Articles

Autologous bony edge cranioplasty for convexity meningiomas with hyperostotic activity

Raúl López-Serna, Duval Darío Molina-Chóez, Juan Luis Gómez-Amador, Juan Bargés-Coll, Miguel Ángel Celis-López

Meningiomas are extra-axial brain tumors of the central
nervous system. They represent 30% of primary brain neoplasms and originate from arachnoid cap cells. Meningiomas belong to a very heterogeneous tumor group in terms of location, invasiveness and histological pattern. Skull bone invasiveness by these tumors was first described by Brissaud and Lerebaullet n 1903 in hyperostotic areas induced by the neoplasm. In 1957, Simpson established the extent of tumor removal as the most important factor against recurrence in convexity meningiomas; complete resection of tumor, duramater hyperostotic areas (Simpson I) was associated with lesser rates of recurrence. This conclusion found histological support when meningothelial tumor cells were demonstrated in hyperostotic areas. Patients and methods: in this paper we communicate our preliminary experience of 7 patients with convexity meningiomas with hyperostosing activity. For this purpose we used a relief technique based on «in situ» modelling of methyl methacrylate prostheses using autologous bone as cranioplasty margin and affected bone as molding background. Conclusions: 7 patients were treated with excellent cosmetic results. No recurrence was documented during the follow-up period. We consider the addition of a 2cm free margin outside the bony implant (hyperostotic area) may lead to complete macroscopic and microscopic resection of convexity meningiomas. This free margin let surgeons to establish what we define as an «Osseous Simpson 0» resection; through this cheap and easy-to-do procedure oncological cure may be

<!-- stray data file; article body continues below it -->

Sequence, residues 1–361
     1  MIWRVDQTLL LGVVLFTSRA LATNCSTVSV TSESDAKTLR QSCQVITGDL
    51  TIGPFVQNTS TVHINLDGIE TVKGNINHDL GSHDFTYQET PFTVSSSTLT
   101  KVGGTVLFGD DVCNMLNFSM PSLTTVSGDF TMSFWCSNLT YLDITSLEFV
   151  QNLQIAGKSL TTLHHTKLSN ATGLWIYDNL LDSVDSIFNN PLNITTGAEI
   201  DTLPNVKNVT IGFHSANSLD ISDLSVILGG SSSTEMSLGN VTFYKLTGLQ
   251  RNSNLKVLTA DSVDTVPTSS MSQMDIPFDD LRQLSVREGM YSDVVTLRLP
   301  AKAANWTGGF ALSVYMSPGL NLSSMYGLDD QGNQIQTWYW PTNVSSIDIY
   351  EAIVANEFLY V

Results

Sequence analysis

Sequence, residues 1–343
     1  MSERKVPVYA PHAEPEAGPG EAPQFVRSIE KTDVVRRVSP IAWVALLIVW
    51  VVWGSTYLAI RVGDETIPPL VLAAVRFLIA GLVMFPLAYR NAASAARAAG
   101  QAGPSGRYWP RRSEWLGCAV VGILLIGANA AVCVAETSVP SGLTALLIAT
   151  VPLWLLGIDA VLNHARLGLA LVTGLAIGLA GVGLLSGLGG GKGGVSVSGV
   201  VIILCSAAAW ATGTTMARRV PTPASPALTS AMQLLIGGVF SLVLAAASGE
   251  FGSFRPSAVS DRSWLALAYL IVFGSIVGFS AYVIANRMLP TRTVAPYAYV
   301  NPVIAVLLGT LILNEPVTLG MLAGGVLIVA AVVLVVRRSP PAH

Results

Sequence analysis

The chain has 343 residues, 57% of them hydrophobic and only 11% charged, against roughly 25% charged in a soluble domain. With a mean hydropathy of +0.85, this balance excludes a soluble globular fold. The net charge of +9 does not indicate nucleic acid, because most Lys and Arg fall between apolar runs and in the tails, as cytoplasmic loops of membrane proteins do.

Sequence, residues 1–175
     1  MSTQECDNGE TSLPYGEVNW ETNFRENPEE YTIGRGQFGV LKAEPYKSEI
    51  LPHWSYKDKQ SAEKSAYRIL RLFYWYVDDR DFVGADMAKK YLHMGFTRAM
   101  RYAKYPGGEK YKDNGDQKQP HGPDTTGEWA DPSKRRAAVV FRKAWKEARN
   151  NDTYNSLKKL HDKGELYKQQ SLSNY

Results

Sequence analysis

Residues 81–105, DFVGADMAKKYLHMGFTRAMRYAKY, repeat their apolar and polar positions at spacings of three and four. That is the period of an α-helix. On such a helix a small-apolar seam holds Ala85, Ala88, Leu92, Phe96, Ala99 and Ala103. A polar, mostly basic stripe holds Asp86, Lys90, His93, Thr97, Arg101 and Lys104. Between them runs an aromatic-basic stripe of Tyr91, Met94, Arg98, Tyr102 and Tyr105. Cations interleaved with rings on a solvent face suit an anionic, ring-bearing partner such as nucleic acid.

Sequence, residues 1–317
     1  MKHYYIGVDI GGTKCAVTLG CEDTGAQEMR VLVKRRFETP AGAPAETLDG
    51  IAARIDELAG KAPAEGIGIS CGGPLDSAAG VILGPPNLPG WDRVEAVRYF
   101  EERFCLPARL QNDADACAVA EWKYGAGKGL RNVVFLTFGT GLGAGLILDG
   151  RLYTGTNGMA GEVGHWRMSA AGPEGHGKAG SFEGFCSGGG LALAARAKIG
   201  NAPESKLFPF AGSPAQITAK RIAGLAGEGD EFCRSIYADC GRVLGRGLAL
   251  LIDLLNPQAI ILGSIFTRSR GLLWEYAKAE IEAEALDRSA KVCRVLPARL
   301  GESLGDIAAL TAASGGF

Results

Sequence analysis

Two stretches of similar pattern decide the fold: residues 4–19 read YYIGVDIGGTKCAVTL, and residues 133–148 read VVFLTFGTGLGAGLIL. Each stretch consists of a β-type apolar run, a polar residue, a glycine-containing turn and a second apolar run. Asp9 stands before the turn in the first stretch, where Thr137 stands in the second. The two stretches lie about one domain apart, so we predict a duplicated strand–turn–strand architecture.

achieved without sacrificing adequate cosmetic results.

Microvascular decompression in trigeminal neuralgia and multiple sclerosis

Rogelio Revuelta-Gutiérrez, Jorge Navarro-Bonnet, Duval Molina-Choez, José de Jesús Flores-Rivera, José de Jesús Martínez-Manrique, Jaime Jesús Martínez-Anda

Trigeminal neuralgia in multiple sclerosis, kwon as symptomatic trigeminal neuralgia (STN), is present in 3% of